Those of you who have seen the musical Hamilton may recognise the words above. My daughter was really keen to watch it with me, so we did. I don’t know what I expected but I was blown away.
I learnt a lot.
I cried a lot.
I am now singing a lot!
It is the story of the founding fathers of America, one especially – Alexander Hamilton. The words above become the heart’s cry of one of the other characters though, who always seems to be kept out of the room where decisions are made, agreements shaken on, the course of this new country is set. These lyrics have been lodged in my head and I find myself thinking about them a lot, sensing there is something important here for me to sit with.
Hold that thought and let me tell you about something I heard recently about the woman at the well, from John 4:1-42.
We were read from a number of commentaries written across the years on this passage: commentaries that called this woman ‘tainted’, ‘evasive’, ‘truculent’, telling us that she was a lost soul, looking for meaning in her ‘pathetic’ promiscuous life and failing, that she was shunned by her society as she went to the well in the middle of the day, not welcome to mix with the other women at cooler times. Perhaps you have heard similar things across the years too?
We were challenged to consider if those readings were indeed to be found in the text?
Or does the text show us instead an intelligent woman, well read, with knowledge of the scriptures and her history: a woman who happens to be at the well at midday, which actually could have been for a whole load of reasons, who then goes toe to toe with Jesus in theological debate, a debate which really fires him up, which he names as being the food he feeds on. This woman is honest, actually, not evading Jesus’ questions and openly shares her past with him. Jesus talks about her situation as fact, without any moral comment or judgement. When this woman returns to her community, the people there listen to her, believe her and follow her – a sign that she may actually be a respected member of that community, not someone who is regularly shunned, ignored, scorned or rejected.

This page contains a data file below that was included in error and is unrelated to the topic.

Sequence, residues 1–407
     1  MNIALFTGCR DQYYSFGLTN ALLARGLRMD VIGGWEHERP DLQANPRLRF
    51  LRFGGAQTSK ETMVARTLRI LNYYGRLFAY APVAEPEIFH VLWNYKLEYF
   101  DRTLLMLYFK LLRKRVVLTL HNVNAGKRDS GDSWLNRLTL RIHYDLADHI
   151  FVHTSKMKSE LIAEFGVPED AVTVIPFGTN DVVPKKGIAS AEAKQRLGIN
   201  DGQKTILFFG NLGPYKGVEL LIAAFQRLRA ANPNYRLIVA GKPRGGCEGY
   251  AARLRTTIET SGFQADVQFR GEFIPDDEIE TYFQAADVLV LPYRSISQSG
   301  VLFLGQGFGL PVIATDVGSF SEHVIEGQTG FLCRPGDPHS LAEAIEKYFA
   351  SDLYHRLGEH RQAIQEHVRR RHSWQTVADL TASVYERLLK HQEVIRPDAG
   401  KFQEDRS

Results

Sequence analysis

A very different reading to the one I have accepted, that has been handed down to me.
We have inherited so much, haven’t we, theologically, lots of good, but lots of bias too.
And this with Hamilton buzzing round my head makes me wonder who was in the room where it happened?
Who have the people been, in the theological room, where the meanings of passages have been decided?
And who wasn’t?
And what happens when those who have been outside of that ‘room’ are now finding their way in?
And surely when different perspectives, life experiences, slants, come to the table, we will actually start to see more?
If we look at the way God’s story travels, we see that it has always and only ever ‘belonged’ to an ever widening group of people, starting with Adam and Eve, into a family, then into a bigger family, then 12 tribes, a nation, and then crashing through barrier after barrier to include all peoples everywhere. These ever widening circles haven’t always enlarged easily, and there have been shifts in understandings and meaning along the way, which have been controversial, difficult for those currently ‘in the room’ to accept – but we always, always, the other side, end up seeing more of God and more of God’s open, welcoming, embracing love for us all.
I am grateful that there are more people ‘in the room where it happens’ – though there is always, always. always room for more.
I am grateful that I am part of an ever widening story – God’s word is living and active, on every level.
And I am excited about the shifts and changes going on in this story just now – trusting they will allow us all to see more of the One we worship.